Appy, the male elephant with a name synonymous with happiness, and his twin sister Proppy, a name synonymous with prosperity, attended a seminar as suggested by Lucky, their human mentor. The speaker at the seminar was popular who also claimed to be an entrepreneur. In the beginning, people were excited to listen to him. However, the elephant twins came out of the hall uninspired midway. They decided that they will call Lucky to discuss their experience.
“He claims to be successful. But all he did was talk about how to become successful. He did not give any real-world examples. It looked like he picked them up from the self-help books,” said Appy thoughtfully.
“At least he was successful in pulling your attention to get you to attend his seminar. Isn’t it?” answered Proppy playfully.
Appy retorted with a snort. “I perceived him to be successful.”
“The reality is that he is actually successful at pulling in an audience,” replied Proppy.
Appy looked up the speaker on his phone and said, “I think his ideas will not work in the long-term. I found no actual proof of business experience. I just checked him on the internet and saw a few mixed reviews. People have written about how ignorant he is about the practical applications of business. The reality can sometimes be so different from perception. In fact, I just found out, his entrepreneurial stint has self-employment in nature.”
Proppy pointed at the ice cream shop nearby. While the twins walked towards the shop, Proppy said, “People are drawing conclusions about things that are opposite to facts. Perceptions about things give people hope. And I for one, am all for perception because it opens people for introspection and challenges.”
This was a trigger for another fruitful discussion between the duo. They sat down at a table and ordered ice creams.
Appy continued the discussion and said, “I read someplace that when surveyed about the perceptions of people’s personal situation, they were hopeful of it. However, when asked about the world, or state of their nation, the reality is that the same people’s opinions were negative. I don’t know where I read it, but I believe it is true.”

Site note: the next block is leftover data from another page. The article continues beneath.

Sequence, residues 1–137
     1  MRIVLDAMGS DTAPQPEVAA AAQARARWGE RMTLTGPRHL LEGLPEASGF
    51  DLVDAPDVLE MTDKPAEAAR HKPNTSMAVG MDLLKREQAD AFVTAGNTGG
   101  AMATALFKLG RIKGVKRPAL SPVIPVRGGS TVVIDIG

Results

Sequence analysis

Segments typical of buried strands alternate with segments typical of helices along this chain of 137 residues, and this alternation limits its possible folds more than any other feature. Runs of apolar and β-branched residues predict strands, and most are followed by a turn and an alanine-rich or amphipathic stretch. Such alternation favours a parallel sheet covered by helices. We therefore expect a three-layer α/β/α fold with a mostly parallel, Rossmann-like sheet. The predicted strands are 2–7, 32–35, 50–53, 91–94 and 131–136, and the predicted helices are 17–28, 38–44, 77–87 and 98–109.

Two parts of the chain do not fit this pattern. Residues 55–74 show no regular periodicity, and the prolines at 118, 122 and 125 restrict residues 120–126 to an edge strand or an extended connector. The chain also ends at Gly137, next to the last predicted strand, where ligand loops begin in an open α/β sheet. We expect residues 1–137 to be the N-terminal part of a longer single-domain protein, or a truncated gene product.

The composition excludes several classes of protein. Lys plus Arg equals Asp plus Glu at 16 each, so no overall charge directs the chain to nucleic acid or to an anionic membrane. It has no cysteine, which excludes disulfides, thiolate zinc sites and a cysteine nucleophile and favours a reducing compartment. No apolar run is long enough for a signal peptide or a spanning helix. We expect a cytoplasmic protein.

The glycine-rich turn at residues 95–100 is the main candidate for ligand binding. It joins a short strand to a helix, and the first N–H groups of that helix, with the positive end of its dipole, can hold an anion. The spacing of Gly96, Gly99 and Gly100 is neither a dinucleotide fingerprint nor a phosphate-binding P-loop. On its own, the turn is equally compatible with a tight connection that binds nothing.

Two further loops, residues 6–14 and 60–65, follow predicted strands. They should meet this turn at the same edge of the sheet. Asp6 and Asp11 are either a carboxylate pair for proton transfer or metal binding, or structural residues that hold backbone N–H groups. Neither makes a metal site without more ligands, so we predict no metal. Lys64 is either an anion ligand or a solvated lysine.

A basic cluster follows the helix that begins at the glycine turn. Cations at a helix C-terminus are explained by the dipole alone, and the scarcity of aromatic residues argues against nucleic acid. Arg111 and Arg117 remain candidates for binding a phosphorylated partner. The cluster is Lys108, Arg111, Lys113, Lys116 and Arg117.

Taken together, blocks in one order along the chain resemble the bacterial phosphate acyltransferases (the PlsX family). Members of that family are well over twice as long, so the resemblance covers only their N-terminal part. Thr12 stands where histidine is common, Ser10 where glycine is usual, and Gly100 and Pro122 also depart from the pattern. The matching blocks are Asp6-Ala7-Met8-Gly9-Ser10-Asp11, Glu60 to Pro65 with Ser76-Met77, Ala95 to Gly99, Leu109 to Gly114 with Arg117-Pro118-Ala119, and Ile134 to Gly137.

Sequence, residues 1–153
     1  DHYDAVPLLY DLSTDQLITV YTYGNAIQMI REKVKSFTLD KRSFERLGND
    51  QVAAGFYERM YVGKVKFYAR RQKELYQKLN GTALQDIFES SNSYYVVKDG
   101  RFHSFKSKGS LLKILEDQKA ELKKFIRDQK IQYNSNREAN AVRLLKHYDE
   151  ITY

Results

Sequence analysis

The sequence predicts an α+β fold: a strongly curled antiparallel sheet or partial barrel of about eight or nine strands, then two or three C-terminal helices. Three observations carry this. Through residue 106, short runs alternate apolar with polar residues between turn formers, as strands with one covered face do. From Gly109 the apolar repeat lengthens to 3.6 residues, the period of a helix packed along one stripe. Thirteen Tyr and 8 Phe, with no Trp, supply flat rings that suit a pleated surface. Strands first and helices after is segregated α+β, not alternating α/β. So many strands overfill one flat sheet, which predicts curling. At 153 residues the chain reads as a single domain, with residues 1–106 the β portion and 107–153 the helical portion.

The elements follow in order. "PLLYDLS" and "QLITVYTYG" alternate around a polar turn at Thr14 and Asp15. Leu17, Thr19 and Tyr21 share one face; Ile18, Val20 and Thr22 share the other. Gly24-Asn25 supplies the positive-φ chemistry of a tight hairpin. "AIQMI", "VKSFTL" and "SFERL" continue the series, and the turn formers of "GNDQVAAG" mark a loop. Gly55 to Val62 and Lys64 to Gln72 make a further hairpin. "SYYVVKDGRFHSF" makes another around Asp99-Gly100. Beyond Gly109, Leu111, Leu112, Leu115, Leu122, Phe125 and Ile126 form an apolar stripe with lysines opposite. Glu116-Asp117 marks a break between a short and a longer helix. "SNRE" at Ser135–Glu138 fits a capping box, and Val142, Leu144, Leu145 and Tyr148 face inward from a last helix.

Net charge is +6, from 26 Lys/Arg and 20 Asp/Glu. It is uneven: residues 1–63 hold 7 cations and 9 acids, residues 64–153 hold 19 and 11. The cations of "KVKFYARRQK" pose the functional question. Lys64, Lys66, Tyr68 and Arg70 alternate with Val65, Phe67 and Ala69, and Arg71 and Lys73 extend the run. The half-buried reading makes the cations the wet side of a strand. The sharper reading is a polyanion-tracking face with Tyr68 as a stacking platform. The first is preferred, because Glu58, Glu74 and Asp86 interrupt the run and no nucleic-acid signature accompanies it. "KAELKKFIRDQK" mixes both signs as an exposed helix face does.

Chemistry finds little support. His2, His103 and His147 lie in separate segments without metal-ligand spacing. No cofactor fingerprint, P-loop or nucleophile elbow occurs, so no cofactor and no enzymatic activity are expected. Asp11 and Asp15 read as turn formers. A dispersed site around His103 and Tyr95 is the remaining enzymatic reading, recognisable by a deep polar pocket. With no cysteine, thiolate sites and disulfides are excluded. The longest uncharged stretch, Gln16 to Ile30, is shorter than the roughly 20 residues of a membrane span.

“I read something quite different,” said Proppy scooping out a spoonful of fruits. “People are usually biased to what they focus on. What you focus on can make you miserable or happy. However, from then on, it is a journey of discovery. When they really look into it, they will understand better. I think perception is the way towards discovery.”
Appy responded quickly and said, “I understand. Do you mean perception and reality are the same?”
Proppy disagreed and replied, “While I think about it, they are not the same. And I think they are two sides of the same coin, an inseparable twin of sorts.”
Appy said in excitement, “People say that universities run by the government and philanthropic organizations are not as good as those run by private players. I wonder if there is any truth in that assumption.”
Proppy popped a few cashew nuts into her mouth and said, “people are of the same opinion about hospitals. I see that these days, government hospitals and educational institutions have no takers as people doubt their credibility and utility.”
“Have you heard of the All India Institute of Medical Sciences?” asked Appy quickly switching gears.
“AIIMS. Yes, I have,” replied Proppy.
Appy continued, “It is a group of autonomous medical colleges of higher education run by the Government of India. They have an attached hospital where medical treatment is provided to anyone at nominal prices. It serves lots of people from a peon to the Prime Minister. Contrary to what is believed of government-run educational institutions, the doctors trained from AIIMS are in demand everywhere.”
Proppy thought of another example and said, “Have you heard of Tata Nano, the people’s car? In reality, it was truly innovative in terms of its pricing and its minimalist design. However, due to the perception that low pricing means low quality, the car literally sold only one unit in 2019. If people knew better, instead of going with the perception of a cheap car, the brand would have done so much better.”
Both Appy and Proppy finished their ice creams and called their mentor Lucky. They explained to him of the uninspiring seminar they attended and how they found out that perception and reality are very different in this case.”